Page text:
2011 Engine Change
(23rd January 2012)
year’s engine change was the most challenging issue
to face WZ507 since the aircraft was returned back to flying
condition in 2002. Whilst undergoing the annual maintenance
inspection in winter 2010, we discovered that the existing
engine would have to be replaced during 2011. We had hoped
to have enough engine hours remaining to complete all our
scheduled displays during the summer and carry out the engine
change during the winter, but this was not to be the case…
By coincidence, a few weeks later we were contacted by another
group who had been planning to restore G-DUSK (a Vampire T11
currently on static display at Bournemouth Aviation Museum)
back to flying condition. They had decided to discontinue
this project and kindly offered their engine to us –
an offer we were delighted to accept!
replacement engine arrived at North Weald at the beginning
of May. The first task for the engineers was to give it a
thorough inspection, which included dismantling the engine,
cleaning and inspecting all the components, removing some
areas of corrosion in the burner cans and treating them to
prevent any future recurrence. Non destructive testing was
carried out on the impeller; the casing was boroscoped to
check for any hidden areas that may have been damaged. The
generator and starter motor were both sent away for specialist
inspection, to ensure that these items were fully serviceable
The engine still had its original log-cards, which confirmed
the engine hours were as expected. Other paperwork relating
to this engine was also discovered in amongst some old records,
which helped the engineers piece together its complete history
– very useful for helping with the subsequent certification
went into the hangar in August to begin the engine change.
Several ancillary components from the old engine were to be
utilised on the new engine, such as the ignition system and
pumps; these were removed from the old engine and attached
to the new engine. Once the old engine had been removed it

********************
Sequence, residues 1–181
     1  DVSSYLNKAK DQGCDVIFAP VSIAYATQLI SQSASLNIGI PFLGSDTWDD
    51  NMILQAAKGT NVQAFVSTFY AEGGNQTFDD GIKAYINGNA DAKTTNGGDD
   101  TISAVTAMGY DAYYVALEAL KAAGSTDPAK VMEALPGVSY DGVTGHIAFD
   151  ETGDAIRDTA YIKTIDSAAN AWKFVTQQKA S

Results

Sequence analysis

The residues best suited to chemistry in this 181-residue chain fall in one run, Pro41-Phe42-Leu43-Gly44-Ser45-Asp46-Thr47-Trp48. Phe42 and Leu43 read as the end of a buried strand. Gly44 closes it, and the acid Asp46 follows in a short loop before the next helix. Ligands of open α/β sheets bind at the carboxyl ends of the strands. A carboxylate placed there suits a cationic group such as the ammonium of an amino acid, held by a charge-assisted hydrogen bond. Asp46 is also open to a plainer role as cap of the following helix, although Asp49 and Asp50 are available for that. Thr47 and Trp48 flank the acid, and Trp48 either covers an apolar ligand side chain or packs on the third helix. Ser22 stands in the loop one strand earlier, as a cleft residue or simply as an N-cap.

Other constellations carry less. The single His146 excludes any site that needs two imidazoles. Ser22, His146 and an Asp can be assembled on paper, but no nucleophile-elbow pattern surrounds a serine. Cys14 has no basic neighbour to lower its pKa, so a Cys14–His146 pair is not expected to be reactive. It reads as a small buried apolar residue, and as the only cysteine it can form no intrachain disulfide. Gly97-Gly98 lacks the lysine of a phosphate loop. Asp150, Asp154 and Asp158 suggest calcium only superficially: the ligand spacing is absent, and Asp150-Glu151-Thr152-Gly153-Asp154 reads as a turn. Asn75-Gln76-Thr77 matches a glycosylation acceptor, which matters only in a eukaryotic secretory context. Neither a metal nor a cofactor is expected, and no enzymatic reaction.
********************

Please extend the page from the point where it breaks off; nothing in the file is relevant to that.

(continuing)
was discovered that there were cracks in the jet pipe. It
had been intended to use this jet pipe on the new engine,
which meant we had to either get the cracks repaired or locate
a new jet pipe. Fortunately an alternative pipe was obtained
and fitted to the new engine.
the engine removed, the engineers had unprecedented access
to the engine bay. They took this opportunity to give the
area a thorough inspection, re-tensioning the control cables,
replacing various electrical wires and checking the fuel tank.
Having completed these tasks, the new engine was installed
and all the linkages and connections re-attached. Several
ground runs were carried out, to check the engine was running
satisfactorily and that there were no apparent problems; once
these were complete the cowlings were replaced and preparations
made for a test flight.
29th September WZ507 took to the skies for the first time
with the new engine. It was just a ten minute flight (remaining
close to the airfield!); after landing the oil consumption
was checked and all was normal. A series of further test flights
took place over the next two months. There was a minor issue
with the engine idle RPM being slightly too fast so the throttle
control box from the old engine was fitted onto the new engine
which cured the problem. In November the aircraft had a test
flight in order to renew its Permit to Fly – from the
test results it appears that the new engine is producing more
thrust than the old engine – an unexpected bonus! The
old engine will be kept and used as a source for spare parts
in the future.
Vampire Preservation Group would like to thank everybody who
has helped us during this time, without your assistance this
project would have been much more difficult. In particular
we wish to thank the owners of G-DUSK for donating their engine;
Aerobytes Limited for providing the essential sponsorship
that enabled us to complete this work; the team of engineers
at Weald Aviation for making this project succeed and finally
everybody who has supported WZ507 and ensured our Vampire
can continue to display for many more years with our new engine!
Note to Editors:
For more information, or to arrange to see this aircraft,
please contact Matt Hampton via the VPG web site.
The Vampire is often flying and will visit several airfields
during the year.
You will be made most welcome if you come along to see us!
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please contact us.